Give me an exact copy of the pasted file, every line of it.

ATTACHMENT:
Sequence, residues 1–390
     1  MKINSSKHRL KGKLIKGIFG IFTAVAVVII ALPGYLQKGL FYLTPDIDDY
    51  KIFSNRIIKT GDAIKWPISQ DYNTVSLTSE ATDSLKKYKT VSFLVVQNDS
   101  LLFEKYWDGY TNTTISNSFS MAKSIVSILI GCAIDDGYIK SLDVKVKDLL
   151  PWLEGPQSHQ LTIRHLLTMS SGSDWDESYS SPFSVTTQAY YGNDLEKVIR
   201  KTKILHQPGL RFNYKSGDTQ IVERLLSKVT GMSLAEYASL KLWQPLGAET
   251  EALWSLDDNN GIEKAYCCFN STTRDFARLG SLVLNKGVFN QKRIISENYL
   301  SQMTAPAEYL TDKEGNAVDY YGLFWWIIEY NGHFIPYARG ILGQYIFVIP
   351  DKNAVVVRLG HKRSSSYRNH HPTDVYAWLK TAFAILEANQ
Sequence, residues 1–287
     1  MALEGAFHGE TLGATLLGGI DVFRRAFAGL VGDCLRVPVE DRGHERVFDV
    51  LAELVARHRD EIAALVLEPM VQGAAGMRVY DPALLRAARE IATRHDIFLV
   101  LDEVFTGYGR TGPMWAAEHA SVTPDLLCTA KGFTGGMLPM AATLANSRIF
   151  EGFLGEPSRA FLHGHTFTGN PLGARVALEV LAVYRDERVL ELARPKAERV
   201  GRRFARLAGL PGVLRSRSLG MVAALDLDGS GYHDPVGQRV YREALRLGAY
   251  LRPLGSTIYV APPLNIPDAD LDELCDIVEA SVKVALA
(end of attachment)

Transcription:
Sequence, residues 1–390
     1  MKINSSKHRL KGKLIKGIFG IFTAVAVVII ALPGYLQKGL FYLTPDIDDY
    51  KIFSNRIIKT GDAIKWPISQ DYNTVSLTSE ATDSLKKYKT VSFLVVQNDS
   101  LLFEKYWDGY TNTTISNSFS MAKSIVSILI GCAIDDGYIK SLDVKVKDLL
   151  PWLEGPQSHQ LTIRHLLTMS SGSDWDESYS SPFSVTTQAY YGNDLEKVIR
   201  KTKILHQPGL RFNYKSGDTQ IVERLLSKVT GMSLAEYASL KLWQPLGAET
   251  EALWSLDDNN GIEKAYCCFN STTRDFARLG SLVLNKGVFN QKRIISENYL
   301  SQMTAPAEYL TDKEGNAVDY YGLFWWIIEY NGHFIPYARG ILGQYIFVIP
   351  DKNAVVVRLG HKRSSSYRNH HPTDVYAWLK TAFAILEANQ
Sequence, residues 1–287
     1  MALEGAFHGE TLGATLLGGI DVFRRAFAGL VGDCLRVPVE DRGHERVFDV
    51  LAELVARHRD EIAALVLEPM VQGAAGMRVY DPALLRAARE IATRHDIFLV
   101  LDEVFTGYGR TGPMWAAEHA SVTPDLLCTA KGFTGGMLPM AATLANSRIF
   151  EGFLGEPSRA FLHGHTFTGN PLGARVALEV LAVYRDERVL ELARPKAERV
   201  GRRFARLAGL PGVLRSRSLG MVAALDLDGS GYHDPVGQRV YREALRLGAY
   251  LRPLGSTIYV APPLNIPDAD LDELCDIVEA SVKVALA